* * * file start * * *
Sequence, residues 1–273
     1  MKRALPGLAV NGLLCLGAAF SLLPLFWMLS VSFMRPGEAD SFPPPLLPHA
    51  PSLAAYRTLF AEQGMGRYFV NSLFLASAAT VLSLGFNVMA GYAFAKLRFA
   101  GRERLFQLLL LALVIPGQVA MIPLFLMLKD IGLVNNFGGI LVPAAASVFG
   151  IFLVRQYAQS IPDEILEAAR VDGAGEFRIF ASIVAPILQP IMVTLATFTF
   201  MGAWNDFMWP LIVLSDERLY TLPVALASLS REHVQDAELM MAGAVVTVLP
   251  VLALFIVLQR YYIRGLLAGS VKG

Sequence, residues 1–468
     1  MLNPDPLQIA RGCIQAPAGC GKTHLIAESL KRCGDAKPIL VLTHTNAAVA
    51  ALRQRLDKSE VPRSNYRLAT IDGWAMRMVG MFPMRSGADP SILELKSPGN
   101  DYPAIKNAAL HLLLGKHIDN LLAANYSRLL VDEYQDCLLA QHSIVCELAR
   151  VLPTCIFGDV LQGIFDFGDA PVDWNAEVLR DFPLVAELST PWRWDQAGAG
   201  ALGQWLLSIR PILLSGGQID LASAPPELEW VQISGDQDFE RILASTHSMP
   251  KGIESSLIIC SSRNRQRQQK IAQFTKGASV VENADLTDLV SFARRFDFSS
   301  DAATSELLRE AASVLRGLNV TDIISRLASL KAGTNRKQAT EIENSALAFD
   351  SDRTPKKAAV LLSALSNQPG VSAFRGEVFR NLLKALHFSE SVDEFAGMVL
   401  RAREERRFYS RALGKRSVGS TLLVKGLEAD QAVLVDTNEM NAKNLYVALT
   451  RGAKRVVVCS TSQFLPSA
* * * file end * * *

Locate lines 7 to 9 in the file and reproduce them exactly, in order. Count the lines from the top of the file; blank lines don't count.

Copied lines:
   251  VLALFIVLQR YYIRGLLAGS VKG

Sequence, residues 1–468
     1  MLNPDPLQIA RGCIQAPAGC GKTHLIAESL KRCGDAKPIL VLTHTNAAVA